Environment

  • 5:34am Jun 27, 2013
    National National Science Environment

    New Bugs In Florida Stymie Researchers, Threaten Crops

    Researchers usually identify natural predators or parasites to combat invasive bugs like the brown marmorated stink bug and the psyllid. But after not finding immediate solutions, they are turning to pesticides and nutrient sprays.
  • In the current New Yorker, Michael Specter explores the conflict among some people who suffer from Lyme disease, and the doctors who study it.
    aanton / iStockphoto.com
    4:50pm Jun 26, 2013
    National National Science Environment Health & Safety

    'The Lyme Wars' That Tiny Ticks Have Wrought

    Since Lyme disease was first identified in the late 1970s, it has become the most commonly reported tick-borne illness in the country. Journalist Michael Specter talks about his New Yorker article on the disease and its controversial history.
  • 11:13am Jun 26, 2013
    Politics & Government Politics & Government Environment

    Coal Industry Concerned By Obama's Climate Change Plans

    President Obama on Tuesday announced a wide-ranging plan to address climate change. Rather than taking it to Congress, Obama is implementing the plan on his own. The president wants the Environmental Protection Agency to restrict carbon dioxide emissions from power plants. The biggest source of those emissions is coal-fired facilities.
  • 10:59am Jun 22, 2013
    National National Science Environment

    Tawny Crazy Ants Invade Southern States

    Tawny crazy ants are invading ecosystems and homes in states including Texas and Florida, wiping out other ant species and overwhelming homeowners. Weekend Edition Saturday host Scott Simon talks to Texas A&M research scientist Robert Puckett, who says the ants are "ecological steamrollers" that reproduce so fast they are nearly impossible to get rid of.
  • An evening view of the Exxon Mobil oil refinery and petrochemical complex in Baton Rouge, La.
    John W. Poole / NPR
    9:50am Jun 21, 2013
    Science Science Environment

    Baton Rouge's Corroded, Overpolluting Neighbor: Exxon Mobil

    The Standard Heights neighborhood sits next to the nation's second-largest gasoline refinery. Recently, residents learned a new truth about the plumes of exhaust they see every day: Exxon Mobil's aging refinery and petrochemical facilities — like many others — are pumping out far more pollution than the law allows.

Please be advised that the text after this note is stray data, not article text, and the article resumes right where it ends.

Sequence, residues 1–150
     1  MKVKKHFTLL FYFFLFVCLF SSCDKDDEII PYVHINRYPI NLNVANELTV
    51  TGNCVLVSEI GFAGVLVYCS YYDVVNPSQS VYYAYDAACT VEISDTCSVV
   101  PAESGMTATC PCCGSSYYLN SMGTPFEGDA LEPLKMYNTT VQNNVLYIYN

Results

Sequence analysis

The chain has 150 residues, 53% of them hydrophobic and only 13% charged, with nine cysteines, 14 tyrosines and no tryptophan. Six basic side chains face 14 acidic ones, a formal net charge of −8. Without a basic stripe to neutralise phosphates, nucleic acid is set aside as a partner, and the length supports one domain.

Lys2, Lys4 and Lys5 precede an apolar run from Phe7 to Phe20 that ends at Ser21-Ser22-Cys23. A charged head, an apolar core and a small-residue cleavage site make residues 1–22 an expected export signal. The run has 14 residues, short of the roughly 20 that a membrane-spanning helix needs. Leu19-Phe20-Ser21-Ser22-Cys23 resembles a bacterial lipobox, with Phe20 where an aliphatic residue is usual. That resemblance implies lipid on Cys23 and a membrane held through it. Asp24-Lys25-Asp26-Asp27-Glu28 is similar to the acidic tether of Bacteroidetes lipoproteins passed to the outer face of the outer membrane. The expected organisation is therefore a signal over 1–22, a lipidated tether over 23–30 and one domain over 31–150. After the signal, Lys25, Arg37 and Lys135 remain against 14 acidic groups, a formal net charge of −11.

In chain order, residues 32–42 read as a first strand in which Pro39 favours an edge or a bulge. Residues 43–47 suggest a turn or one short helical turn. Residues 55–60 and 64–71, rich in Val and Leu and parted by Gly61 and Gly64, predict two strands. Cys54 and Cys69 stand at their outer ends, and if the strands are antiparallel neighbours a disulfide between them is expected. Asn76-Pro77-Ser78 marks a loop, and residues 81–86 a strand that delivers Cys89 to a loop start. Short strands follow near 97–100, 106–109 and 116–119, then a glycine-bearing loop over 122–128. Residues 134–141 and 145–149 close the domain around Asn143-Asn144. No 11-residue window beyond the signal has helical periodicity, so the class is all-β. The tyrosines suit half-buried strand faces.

• 2:35pm Jun 20, 2013
    Science Science Economy Environment

    The Business And Politics Of Air Quality Regulation

    In a speech in Germany Wednesday, President Barack Obama said it's time to take "bold action" on climate change. Many believe that major changes to policies on carbon emissions lie ahead, which would mean a host of new regulations for businesses.
  • Heather Liljengren, a field taxonomist with the New York City Department of Parks and Recreation, examines the seed pods of the Virginia spiderwort at Oakwood Beach, Staten Island. Liljengren collects seeds from across the region for a seed bank of native
    Andrea Hsu / NPR
    10:18pm Jun 19, 2013
    National National Science Environment

    To Rebuild NYC's Beaches, A Native Plant Savings And Loan

    Last fall, Heather Liljengren was collecting the seeds of New York's native dune grasses. Within days, Hurricane Sandy wiped out the Rockaways' dunes and all their flora. Now, those seeds are growing plants likely to be used to restore the dunes and other natural environments around New York City.
  • Cattle stand in a heavily irrigated pasture in Oregon's Upper Klamath Basin. The state has ordered ranchers in the region to shut down irrigation. The move is aimed at protecting the rights of Indian tribes who live downstream.
    Amelia Templeton for NPR
    7:39pm Jun 15, 2013
    National National Environment

    Water Wars: Who Controls The Flow?

    So often, we take water for granted. But it's not always where we need it, or there when we need it. Two rivers on opposite sides of the country — the Chattahoochee in the South and the Klamath in the far West — may provide lessons for the inevitable and growing dispute over how we manage our most precious resource.